This morning the Dallas Fed released its monthly reading on the region’s manufacturing sector. The headline number was expected to fall for the second month in a row from the October high of 19.8; the highest reading since October of 2018. While that decline came to fruition, it was an even bigger drop than what was expected as the index fell to 9.7 compared to the forecast of 11.6. Although the index was lower, December marked the fifth month in a row with expansionary conditions.
Although the index for General Business Activity fell, the rest of the report saw much more strength. Other than Finished Good Inventories, every index continued to show expansionary readings with many moving higher month over month. A few indices have even risen into the top decile of historical readings.
Demand appeared to have picked up in December with the index for New Orders and New Order Growth Rate both rising month over month. While the index for New Orders is still just below its post-pandemic peak of 19.9 from October, the New Order Growth Rate has risen to its highest level since August of 2018.
Given demand has continued to rise, Dallas area manufacturers have also appeared to have increased production in a big way in December. The Production index rose back up to 25.5, matching the pandemic high from October. Before that, you would need to go back to August of 2018 to find as high of a reading. Additionally, the 18.3 point increase from last month was the largest move since May and June and is tied with December of 2017 for the sixth-largest monthly gain on record. Given production has increased so too has Capacity Utilization, though this index’s moves were not as dramatic as it still sits below highs from a few months ago.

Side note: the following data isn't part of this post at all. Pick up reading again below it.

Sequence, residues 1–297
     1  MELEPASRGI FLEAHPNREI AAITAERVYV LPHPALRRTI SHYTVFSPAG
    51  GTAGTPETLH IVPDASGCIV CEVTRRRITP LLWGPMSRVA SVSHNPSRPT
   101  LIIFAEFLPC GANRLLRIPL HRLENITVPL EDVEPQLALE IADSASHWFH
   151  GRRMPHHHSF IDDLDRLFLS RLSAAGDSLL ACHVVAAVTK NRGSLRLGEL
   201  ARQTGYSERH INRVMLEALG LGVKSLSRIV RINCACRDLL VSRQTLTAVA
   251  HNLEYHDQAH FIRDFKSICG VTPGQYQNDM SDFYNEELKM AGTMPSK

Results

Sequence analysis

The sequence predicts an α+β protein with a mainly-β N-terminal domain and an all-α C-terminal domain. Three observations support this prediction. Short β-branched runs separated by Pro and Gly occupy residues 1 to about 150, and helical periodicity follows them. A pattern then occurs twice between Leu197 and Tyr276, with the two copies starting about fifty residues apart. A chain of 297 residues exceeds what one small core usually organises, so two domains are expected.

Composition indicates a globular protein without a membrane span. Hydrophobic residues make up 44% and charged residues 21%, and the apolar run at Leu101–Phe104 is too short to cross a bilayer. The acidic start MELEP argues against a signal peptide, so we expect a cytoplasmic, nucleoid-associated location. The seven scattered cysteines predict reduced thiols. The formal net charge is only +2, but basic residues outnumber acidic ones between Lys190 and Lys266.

While most indices of the report saw some type of pause in their moves higher in recent months, prices have been on a one-way trip higher. Prices Paid for Raw Materials accelerated for the fifth month in a row reaching the highest level in over two years. Expectations for prices of inputs have similarly been elevated relative to recent history as that index rose to a reading of 50 in December; the highest since May of 2018. Those price increases are flowing into the price of finished goods as the index for Prices Received rose another 12.7 points to 17.4. Again, this was the highest reading since the summer of 2018 and the index for future expectations also reached a new high.
Wages were also on the rise in December as the index rose to 19.1. That is the highest level since right before the pandemic began in February. Expectations on the other hand are at the highest level since March of last year. Those increases in wages and benefits come as businesses, in general, raise employment levels. The index for employment gained another 7.9 points moving to a two-year high of 19.6. While more people are being taken on with better compensation, the index for hours worked fell slightly in December. Click here to view Bespoke’s premium membership options for our best research available.